Almost all women know at least one person who has been sexual assaulted. I know I do. It’s a problem nationally, “very 109 seconds, another person experiences sexual assault.” It’s made a big rise in one certain area we all want to trust, college. The most common number going around is 1 in 5. That's 20% of women being assaulted in schools. But the worst part is that number comes from those who spoke up about it, and most feel to ashamed to ever say a word. And as for the abusers “only 6 out of every 1,000 rapists will end up in prison.” Now colleges are doing something about it, but it’s not enough. College campuses need more guidelines to prevent sexual assault. I am a young girl headed to college soon and I'm scared.
To start with, less alcohol prevention more bad mindset intervention. College campuses have been drinking gallons since the beginning of time, so why has it just become a problem now? Because alcohol isn’t actually the problem, and if it was why are we telling the victim they shouldn’t drink rather than the abuser? See, it’s because our mindset doesn’t teach “don’t rape,” it teaches “try not to be raped.” We need to be enforcing strongly that CONSENT IS NEEDED. If a medical responder needs consent to try and save your life, you need consent to try and touch a person. We need to start treating abusers like the criminals they are. Victims get told things like, “you were asking for it by dressing like that,” and “Are you sure you are not overreacting?” They even get told, “well it’s your fault for drinking.“ But when it comes to the abuser, we hear a whole different story, “well he didn’t mean it, it was a mistake,” and “well jail could scar him, we can’t do that.“ Excuses. According to the Department of Justice, Office of Justice Programs, Bureau of Justice Statistics, and Felony Defendants in Large Urban Counties, 520 of every 1,000 suspected rape perpetrators referred to prosecutors will be released—either because they posted bail or for other reasons—while awaiting trial. We need to be telling the victims, “We know this is traumatic, but we will try and help you,” and the abuser, “You made this decision, now there will be consequences”. We need to be teaching that kind of respect at a young age so that respect is everyone’s mindset. More respect, and less shaming.
Speaking of being shamed, police need to be more involved. Victims don’t speak out. But it’s not always the shaming. Sometimes it’s the fact that no one's listening. Police and college administrators need to be working together not against each other. “Out of every 1000 sexual assaults, 344 are reported to the police”. It shouldn’t be a question “Who will actually listen to me?” If told to the administrators, they should help file a police report. If told to the police they should notify the administrators. And let’s have more security guards outside the college housing, if there’s police right outside, even at a party the abuser is not going to want to risk it. Above all though they need to take these cases seriously. “Approximately 70% of rape or sexual assault victims experience moderate to severe distress, a larger percentage than for any other violent crime”. And no one deserves to have a traumatic event then be told “Well it’s kinda your fault.“ It’s a serious crime just as much as it’s a school problem.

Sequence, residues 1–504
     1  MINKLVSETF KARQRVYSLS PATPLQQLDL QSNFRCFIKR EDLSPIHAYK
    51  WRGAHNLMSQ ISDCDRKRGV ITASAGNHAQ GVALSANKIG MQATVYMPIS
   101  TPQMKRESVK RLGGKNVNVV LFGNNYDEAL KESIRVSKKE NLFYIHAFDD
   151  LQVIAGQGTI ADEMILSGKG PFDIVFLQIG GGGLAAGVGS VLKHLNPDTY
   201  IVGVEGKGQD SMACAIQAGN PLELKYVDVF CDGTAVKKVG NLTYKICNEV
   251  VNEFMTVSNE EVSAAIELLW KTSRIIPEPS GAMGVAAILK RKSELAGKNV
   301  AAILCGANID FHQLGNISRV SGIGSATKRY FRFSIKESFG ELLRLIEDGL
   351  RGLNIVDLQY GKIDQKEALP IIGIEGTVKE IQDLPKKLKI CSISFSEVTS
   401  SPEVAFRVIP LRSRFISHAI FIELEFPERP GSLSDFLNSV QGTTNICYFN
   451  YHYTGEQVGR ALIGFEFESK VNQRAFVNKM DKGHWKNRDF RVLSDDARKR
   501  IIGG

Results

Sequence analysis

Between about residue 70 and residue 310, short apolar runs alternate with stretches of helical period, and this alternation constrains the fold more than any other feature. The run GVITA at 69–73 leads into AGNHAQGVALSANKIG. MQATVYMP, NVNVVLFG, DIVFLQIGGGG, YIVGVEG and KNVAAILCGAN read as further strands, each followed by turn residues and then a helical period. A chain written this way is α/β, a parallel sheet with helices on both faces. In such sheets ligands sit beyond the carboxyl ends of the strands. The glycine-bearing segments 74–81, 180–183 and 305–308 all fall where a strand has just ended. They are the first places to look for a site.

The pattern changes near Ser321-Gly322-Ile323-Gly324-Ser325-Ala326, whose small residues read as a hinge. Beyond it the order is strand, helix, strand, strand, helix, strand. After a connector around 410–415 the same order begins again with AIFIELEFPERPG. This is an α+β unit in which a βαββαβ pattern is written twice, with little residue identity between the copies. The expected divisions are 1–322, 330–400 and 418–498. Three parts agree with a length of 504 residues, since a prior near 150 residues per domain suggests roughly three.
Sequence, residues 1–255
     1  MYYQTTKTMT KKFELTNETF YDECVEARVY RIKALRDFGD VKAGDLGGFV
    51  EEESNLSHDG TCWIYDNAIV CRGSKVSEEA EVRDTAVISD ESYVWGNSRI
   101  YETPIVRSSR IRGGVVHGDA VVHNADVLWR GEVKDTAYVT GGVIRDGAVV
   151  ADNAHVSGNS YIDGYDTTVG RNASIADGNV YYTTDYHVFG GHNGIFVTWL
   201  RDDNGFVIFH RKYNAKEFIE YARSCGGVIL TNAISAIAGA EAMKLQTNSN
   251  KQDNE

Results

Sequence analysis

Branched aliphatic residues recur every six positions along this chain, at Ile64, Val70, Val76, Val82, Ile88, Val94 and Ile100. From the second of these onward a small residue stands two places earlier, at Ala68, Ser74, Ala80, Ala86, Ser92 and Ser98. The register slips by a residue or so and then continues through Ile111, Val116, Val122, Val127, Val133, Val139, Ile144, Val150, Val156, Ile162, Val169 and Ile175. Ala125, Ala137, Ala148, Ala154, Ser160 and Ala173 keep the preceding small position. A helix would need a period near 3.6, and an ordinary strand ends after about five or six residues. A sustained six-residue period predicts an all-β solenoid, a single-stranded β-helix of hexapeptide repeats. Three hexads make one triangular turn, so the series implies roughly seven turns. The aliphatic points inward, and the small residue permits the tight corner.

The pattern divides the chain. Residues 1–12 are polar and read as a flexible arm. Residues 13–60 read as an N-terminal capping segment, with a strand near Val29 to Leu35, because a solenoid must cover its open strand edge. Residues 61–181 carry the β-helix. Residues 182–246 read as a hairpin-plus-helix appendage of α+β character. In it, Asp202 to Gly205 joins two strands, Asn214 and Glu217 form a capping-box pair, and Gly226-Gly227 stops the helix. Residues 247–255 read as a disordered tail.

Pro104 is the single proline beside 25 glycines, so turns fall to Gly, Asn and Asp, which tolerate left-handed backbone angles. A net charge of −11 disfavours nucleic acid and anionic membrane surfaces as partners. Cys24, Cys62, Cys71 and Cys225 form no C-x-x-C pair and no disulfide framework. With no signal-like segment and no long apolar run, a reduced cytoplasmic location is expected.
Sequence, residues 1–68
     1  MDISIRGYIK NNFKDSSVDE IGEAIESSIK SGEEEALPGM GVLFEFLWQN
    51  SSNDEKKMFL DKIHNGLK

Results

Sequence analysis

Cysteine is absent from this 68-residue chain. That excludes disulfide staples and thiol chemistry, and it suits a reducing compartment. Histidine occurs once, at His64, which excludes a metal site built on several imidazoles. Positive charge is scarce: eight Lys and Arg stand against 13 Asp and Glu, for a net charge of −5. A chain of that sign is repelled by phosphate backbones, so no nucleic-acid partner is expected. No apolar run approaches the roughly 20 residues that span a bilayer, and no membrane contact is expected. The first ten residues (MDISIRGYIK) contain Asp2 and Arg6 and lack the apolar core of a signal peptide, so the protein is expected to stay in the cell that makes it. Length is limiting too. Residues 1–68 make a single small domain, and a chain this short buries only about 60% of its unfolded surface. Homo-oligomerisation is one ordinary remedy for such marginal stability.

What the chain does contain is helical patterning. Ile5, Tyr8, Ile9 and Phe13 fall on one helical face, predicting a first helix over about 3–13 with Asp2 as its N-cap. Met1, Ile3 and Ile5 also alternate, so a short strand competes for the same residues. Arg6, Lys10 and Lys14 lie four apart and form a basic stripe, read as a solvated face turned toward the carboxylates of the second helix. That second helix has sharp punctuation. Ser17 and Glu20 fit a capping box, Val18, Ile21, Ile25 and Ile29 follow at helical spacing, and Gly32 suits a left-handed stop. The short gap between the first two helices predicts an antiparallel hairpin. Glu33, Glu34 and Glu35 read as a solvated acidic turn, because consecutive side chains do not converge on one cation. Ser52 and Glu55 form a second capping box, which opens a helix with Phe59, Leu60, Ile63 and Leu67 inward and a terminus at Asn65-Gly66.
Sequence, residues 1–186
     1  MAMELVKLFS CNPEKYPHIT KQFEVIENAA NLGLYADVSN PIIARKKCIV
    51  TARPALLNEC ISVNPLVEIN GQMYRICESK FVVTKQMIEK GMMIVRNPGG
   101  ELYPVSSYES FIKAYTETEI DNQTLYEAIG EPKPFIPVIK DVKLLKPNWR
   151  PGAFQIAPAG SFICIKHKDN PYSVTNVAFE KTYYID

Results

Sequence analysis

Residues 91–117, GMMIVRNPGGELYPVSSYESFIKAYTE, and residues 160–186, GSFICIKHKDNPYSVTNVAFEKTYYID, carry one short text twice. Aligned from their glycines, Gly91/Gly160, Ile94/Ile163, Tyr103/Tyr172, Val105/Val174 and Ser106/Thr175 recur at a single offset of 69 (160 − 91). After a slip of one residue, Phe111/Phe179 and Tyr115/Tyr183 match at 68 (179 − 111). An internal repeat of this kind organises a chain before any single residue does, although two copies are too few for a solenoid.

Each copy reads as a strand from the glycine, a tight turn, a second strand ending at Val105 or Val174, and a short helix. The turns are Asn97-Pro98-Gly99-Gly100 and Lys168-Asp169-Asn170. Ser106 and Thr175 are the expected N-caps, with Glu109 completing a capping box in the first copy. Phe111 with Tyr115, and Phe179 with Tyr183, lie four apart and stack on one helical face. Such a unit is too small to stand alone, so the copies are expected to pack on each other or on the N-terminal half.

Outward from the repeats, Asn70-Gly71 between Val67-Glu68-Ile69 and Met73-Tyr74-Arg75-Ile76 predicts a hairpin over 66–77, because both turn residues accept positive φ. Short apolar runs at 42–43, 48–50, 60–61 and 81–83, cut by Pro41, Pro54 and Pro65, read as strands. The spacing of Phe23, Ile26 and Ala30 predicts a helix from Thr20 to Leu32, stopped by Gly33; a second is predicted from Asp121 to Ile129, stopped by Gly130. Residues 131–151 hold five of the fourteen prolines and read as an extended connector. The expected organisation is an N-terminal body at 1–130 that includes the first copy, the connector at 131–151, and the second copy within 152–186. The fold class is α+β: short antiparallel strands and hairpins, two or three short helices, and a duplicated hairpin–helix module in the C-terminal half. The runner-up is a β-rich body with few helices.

And on the topic of school, how about we up the restrictions on the co-ed campus? Decades ago they didn’t have co-ed at all, and when they did, it was only for certain times and with certain rules. Now we don’t need to go overboard, but a few guidelines to prevent sexual assault would help. First off, Bring back the “book rule”. If students make sure there is a book length gap in the doorway when more than one gender is there it eases off the feeling of being trapped and makes being helped a little easier. Let’s put in a curfew at how late they can be mixed, this would help prevent all those drunk travels to the nearing place. Little things like this aren’t much but can lower the numbers and possibly save a victim.
Now some colleges already start bystander training, but we need more. They should be taught to recognize all the red flags of rape. Recognize the possible situations that can be unsafe, (seeing a drunk person around a sober one alone, going off into empty places, in a room alone, etc. ) Make sure to go out in groups and have friends keep an eye on each other, pay attention to one of you oddly missing. And overall teach them how to call them out. Being a bystander is scary but the “bystander effect” goes down if they know what they are doing. If we teach how to handle these situations and are all prepared, we can all feel a little safer knowing we’re not alone.
College campus need to get on this now. Sexual assault is a serious thing and needs to be recognized. Don’t blame alcohol, blame the rapists. Don’t take take this lightly, realized the seriousness of the crime committed. Don’t put yourself or others at risk, take precautions. Don’t just stand by and let it happen, stand up for them. And above all, don’t ignore this, don’t ignore us.